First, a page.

Wednesday, January 6, 2010

An Area Rich With Pirates

For decades, vacationers have been coming to North Myrtle Beach to relax, enjoy the sand, salt air and warm temperatures. But even before this area became a mecca for summertime visitors looking to escape the city, the Grand Strand, known then as Long Bay, was a magnet for a few unsavory characters. Edward "Blackbeard" Teach is among one of the most famous historical figures to call the Grand Strand a home port. The area's many coves and harbors provided excellent "hideaways" for pirates and legend has it that Blackbeard was particularly fond of going ashore in a small boat with one crewman to bury chests of treasure, only to return to his ship, the Queen Anne's Revenge, alone.

Teach cultivated his fearsome reputation as a mental warfare tactic to inspire terror in his prey, encouraging early surrender with minimal resistance. His dress was entirely black, much like funeral dress to inspire fear of death. To add to his image, Teach took advantage of scare tactics. He was a tall man with a muscular physique, features he played up, inspiring men to stay away from personal confrontation. He had a dark black beard, which before battle was braided and tied with colorful ribbon, and held pieces of match cord that were slowly burning. The smoke rising up would give him a grim halo, aiding in a satanic appearance. He was equipped with a belt that held cutlasses, pistols, and daggers. Across his chest he carried bandolier with six ready to fire pistols. All in all, his image was that of a man, or perhaps a demon, to be reckoned with.

Women pirates also terrorized the waters off the coast of South Carolina. One of the most famous, Anne Bonny, proved to be just as bloodthirsty as her male counterparts. Bonny, a red-haired beauty with a fierce temper, is believed to be the daughter of a prosperous Charles Town planter. At 16, she ran away with a sailor, and they joined pirates in the Atlantic. Bonny encouraged fellow pirates to raid the Carolina coast, and she killed opponents in battle with a dagger. Eventually, Bonny fell for Calico Jack Rackham, a pirate known for his fancy calico attire. The two sailed and fought together until a British sloop captured them. Bonny blamed their capture on Calico Jack’s poor fighting and cowardice. As he visited her the day of his execution, legend has it that she said, “I’m sorry to see this happen, but if you had fought like a man, you would not now be hanged like a dog!” Bonny, however, escaped the gallows due to her pregnancy. But, after her capture, no one knows for certain what became of Anne Bonny. Some legends say she reconciled with her father and remained in Charles Town, while others say that she returned to a life of piracy.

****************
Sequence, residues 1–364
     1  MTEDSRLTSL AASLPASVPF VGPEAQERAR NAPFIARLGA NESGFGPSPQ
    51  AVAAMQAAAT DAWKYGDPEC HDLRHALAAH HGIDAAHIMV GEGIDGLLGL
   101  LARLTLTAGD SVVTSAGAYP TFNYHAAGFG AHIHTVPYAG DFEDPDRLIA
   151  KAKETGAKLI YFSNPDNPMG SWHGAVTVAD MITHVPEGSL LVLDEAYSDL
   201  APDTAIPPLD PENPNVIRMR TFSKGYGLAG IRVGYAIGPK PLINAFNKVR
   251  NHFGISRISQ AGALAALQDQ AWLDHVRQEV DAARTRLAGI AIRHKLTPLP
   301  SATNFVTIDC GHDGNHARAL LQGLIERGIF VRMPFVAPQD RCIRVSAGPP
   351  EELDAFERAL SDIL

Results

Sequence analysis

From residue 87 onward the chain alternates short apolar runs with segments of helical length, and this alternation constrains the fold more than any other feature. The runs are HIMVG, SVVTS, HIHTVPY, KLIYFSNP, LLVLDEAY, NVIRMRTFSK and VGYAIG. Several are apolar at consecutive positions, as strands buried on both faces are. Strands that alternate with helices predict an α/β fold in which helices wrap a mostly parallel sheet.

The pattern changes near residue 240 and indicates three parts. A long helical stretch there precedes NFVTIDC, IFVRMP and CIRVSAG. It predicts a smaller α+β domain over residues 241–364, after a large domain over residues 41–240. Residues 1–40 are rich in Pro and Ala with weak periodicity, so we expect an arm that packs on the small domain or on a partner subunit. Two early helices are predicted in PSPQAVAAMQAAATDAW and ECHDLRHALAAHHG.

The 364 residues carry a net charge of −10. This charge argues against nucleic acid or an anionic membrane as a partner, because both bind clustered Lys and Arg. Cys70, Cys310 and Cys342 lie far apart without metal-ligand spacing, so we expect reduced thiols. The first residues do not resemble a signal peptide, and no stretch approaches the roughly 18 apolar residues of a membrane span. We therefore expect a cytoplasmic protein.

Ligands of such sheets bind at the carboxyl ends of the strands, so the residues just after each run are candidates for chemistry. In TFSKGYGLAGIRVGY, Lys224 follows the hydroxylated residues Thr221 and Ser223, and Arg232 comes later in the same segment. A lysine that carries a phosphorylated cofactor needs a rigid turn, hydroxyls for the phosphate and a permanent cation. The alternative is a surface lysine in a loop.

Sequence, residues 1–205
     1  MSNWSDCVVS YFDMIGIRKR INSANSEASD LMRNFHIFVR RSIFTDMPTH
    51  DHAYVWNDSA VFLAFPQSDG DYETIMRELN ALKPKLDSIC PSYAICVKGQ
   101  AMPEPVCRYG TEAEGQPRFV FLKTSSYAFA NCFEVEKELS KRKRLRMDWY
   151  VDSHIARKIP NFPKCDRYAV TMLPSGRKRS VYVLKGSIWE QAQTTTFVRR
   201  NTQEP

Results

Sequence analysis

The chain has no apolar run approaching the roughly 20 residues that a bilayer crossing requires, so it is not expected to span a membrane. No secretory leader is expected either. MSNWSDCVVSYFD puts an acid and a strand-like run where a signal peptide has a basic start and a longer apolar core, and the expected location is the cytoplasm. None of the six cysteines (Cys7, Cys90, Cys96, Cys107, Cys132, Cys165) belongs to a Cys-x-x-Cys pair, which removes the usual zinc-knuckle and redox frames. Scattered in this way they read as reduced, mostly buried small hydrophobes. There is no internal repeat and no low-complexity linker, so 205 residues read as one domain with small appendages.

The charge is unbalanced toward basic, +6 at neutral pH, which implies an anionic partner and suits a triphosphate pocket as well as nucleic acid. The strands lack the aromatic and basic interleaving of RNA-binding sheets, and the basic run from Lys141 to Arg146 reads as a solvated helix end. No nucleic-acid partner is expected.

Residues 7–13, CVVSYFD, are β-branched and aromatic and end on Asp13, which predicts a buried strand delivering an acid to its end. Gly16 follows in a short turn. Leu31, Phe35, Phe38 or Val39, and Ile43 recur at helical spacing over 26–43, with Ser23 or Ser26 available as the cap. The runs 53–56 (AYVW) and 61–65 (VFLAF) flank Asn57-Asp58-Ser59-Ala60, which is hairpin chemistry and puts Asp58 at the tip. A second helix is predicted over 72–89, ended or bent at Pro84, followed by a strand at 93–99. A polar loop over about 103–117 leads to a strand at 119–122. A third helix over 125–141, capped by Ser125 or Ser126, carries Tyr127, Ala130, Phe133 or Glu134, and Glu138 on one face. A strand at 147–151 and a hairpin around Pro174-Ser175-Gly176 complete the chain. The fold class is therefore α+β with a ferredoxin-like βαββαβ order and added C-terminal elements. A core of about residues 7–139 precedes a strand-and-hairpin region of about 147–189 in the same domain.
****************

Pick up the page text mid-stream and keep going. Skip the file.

Piracy also influenced the names of several locales throughout South Carolina. Drunken Jack Island allegedly was named for a pirate who, drunk from too much rum, died on the island. Murrells Inlet supposedly was named for Captain John Murrell, who used the inlet as his headquarters while he preyed on ships at sea.

Many areas throughout South Carolina felt the influence of piracy.
Although each pirate’s legend is unique, the men and women who thrived during the “Golden Age of Piracy” shared several traits—they yearned for adventure, loved the seafaring life and craved the wealth that piracy provided. And, according to legend, they took advantage of the marshes and islands throughout South Carolina to hide their treasures for safekeeping until their return from the sea.

On your next visit to North Myrtle Beach, you might want to try your hand at treasure hunting. With time, ingenuity and some luck, you may uncover riches from these colorful pirates’ past.

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